UACES Facebook Kudzu bugs spread to 7 counties in Arkansas; too late to damage state’s soybeans
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Kudzu bugs spread to 7 counties in Arkansas; too late to damage state’s soybeans

By Fred Miller
U of A System Division of Agriculture

Fast Facts:

  • Kudzu bugs, first seen in one Arkansas county in 2014, have now spread to seven counties.
  • The pests have not reached threshold levels that would require pesticide use.
  • The Arkansas soybean crop is not likely to be damaged by kudzu bugs this year.

(544 words)

FAYETTEVILLE, Ark. — Poinsett is the latest county to see kudzu bugs, bringing the number of Arkansas counties in which the pest has spread to seven. 

BUGGED -- This tiny kudzu bug has caused big problems for soybean growers across the South. (Image courtesy Marlin E. Rice, Pioneer Seed.) Credit mandatory.

Nick Seiter, University of Arkansas System Division of Agriculture entomologist, said kudzu bugs have been found in several soybean fields in Crittenden County, the first location where they were found in the state. 

Russell Parker, interim staff chair for the Crittenden County Extension Office, said he found the pests in three kudzu patches in 2014. In 2015, they began showing up in soybean fields. 

“When they reach a threshold level in kudzu, they begin to move out into other legumes, especially soybeans,” Parker said. “We’ve been monitoring them pretty closely, and nearly all the crop consultants in the county have seen kudzu bugs in soybeans.” 

Parker noted that kudzu bugs in soybeans have not reached threshold levels for which the extension service would recommend pesticide treatments. 

Single kudzu bugs have been found in soybeans in Mississippi and Lee counties this year, Seiter said. In the remaining four counties — Ashley, Saint Francis, Phillips and Poinsett — the insects have been found only in kudzu patches. 

Robert Goodson, Phillips County extension agricultural agent, said the pests showed up in early October, but have only been seen in kudzu patches. He noted that one did crawl across his desk but he’d just come in from the field and it probably rode back to the office with him. 

“So far, we’ve only collected specimens for educational purposes, to show farmers what to look for,” Goodson said. 

“As few as there are this year, we probably won’t have much trouble with them in 2016,” Goodson said. “But they may be a problem in 2017.”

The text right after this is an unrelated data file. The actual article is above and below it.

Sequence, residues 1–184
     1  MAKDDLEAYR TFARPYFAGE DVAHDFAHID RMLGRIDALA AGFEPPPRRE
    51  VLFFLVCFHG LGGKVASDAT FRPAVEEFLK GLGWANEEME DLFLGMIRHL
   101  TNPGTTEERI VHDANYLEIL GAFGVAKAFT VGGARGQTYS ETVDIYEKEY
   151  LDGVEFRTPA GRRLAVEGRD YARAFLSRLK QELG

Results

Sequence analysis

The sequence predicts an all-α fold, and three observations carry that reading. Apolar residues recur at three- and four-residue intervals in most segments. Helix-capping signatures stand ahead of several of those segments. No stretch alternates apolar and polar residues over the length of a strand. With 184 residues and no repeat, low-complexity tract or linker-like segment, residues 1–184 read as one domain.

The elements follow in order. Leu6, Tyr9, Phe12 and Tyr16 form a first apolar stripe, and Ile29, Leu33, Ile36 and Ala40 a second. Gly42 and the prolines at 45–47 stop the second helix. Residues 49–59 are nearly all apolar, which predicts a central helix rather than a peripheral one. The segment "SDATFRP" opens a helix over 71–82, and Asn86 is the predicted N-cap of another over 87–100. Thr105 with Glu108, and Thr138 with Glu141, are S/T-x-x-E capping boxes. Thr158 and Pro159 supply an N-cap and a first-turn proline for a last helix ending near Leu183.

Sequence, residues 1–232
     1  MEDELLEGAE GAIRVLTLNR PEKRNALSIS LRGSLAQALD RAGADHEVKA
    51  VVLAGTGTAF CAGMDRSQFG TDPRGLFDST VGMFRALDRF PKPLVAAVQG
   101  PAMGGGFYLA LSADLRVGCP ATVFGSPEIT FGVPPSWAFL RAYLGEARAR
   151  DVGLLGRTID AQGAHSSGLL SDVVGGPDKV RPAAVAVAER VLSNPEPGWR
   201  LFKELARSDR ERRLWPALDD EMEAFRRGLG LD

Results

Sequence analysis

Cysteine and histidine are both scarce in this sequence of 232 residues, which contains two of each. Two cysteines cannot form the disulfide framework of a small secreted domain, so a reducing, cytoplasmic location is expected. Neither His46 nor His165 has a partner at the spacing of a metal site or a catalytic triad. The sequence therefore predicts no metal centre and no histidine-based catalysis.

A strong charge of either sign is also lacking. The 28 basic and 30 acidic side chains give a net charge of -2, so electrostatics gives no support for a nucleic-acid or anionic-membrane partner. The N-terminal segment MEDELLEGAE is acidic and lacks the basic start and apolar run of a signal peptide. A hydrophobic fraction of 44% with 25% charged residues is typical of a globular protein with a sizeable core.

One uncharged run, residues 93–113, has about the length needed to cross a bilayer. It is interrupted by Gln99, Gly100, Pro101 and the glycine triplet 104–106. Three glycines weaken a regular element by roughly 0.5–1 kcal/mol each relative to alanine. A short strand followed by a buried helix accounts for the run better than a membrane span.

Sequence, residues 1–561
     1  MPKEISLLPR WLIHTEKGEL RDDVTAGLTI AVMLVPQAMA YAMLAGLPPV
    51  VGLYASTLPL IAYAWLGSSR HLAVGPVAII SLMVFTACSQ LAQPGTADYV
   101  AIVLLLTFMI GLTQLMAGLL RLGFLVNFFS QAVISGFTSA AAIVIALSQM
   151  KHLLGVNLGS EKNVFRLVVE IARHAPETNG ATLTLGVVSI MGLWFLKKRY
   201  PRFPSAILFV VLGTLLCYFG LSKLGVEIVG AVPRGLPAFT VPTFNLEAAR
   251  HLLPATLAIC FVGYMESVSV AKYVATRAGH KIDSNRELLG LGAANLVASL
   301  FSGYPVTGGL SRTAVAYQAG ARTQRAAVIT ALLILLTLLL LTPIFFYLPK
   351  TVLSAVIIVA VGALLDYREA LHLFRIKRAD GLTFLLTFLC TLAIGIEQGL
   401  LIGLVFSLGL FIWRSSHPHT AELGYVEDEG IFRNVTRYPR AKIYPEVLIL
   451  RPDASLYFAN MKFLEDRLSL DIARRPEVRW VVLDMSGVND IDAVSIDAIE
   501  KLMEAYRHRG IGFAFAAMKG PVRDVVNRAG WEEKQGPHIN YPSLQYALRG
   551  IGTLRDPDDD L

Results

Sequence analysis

It’s too late in the year for the pests to do much damage to the state’s soybean crop, Seiter said. 

“Kudzu bugs have not been found at the recommended treatment threshold of one nymph per sweep in soybeans in Arkansas,” Seiter said. “To our knowledge, no insecticide applications have gone out for kudzu bugs.” 

“Most soybean fields in Arkansas are far enough along that treatment-level populations are unlikely to occur this year,” Seiter said, “but growers should be vigilant going into 2016 as the distribution of the kudzu bug continues to expand.” 

“We do think we’ll find a few soybean fields next year that will need to be treated,” Seiter said. 

Growers should scout their fields with sweep nets, just as they would for other insect pests, Seiter said. The threshold level to treat for kudzu bugs is an average of one per sweep. For example, the threshold for treatment is reached if a total of 25 kudzu bugs are counted after 25 sweeps of the net. 

That’s a pretty high threshold, Seiter said. “It takes quite a few kudzu bugs to do damage to a soybean crop.”

Seiter said it typically takes the pests one to two years to establish a population density in a new area that is high enough to become a problem for farms. He said the kudzu bugs’ spread nationwide has slowed a little this year, so it may take a little longer for them to establish that population level. 

Kudzu bugs were first seen in Arkansas in 2014, and only in Crittenden County that year.

For more information on kudzu bugs, contact your county extension office, or download our fact sheet at .

The University of Arkansas System Division of Agriculture offers all its Extension and Research programs and services without regard to race, color, sex, gender identity, sexual orientation, national origin, religion, age, disability, marital or veteran status, genetic information, or any other legally protected status, and is an Affirmative Action/Equal Opportunity Employer.


Media Contact: Mary Hightower
Dir. of Communication Services
U of A Division of Agriculture
Cooperative Extension Service
(501) 671-2126

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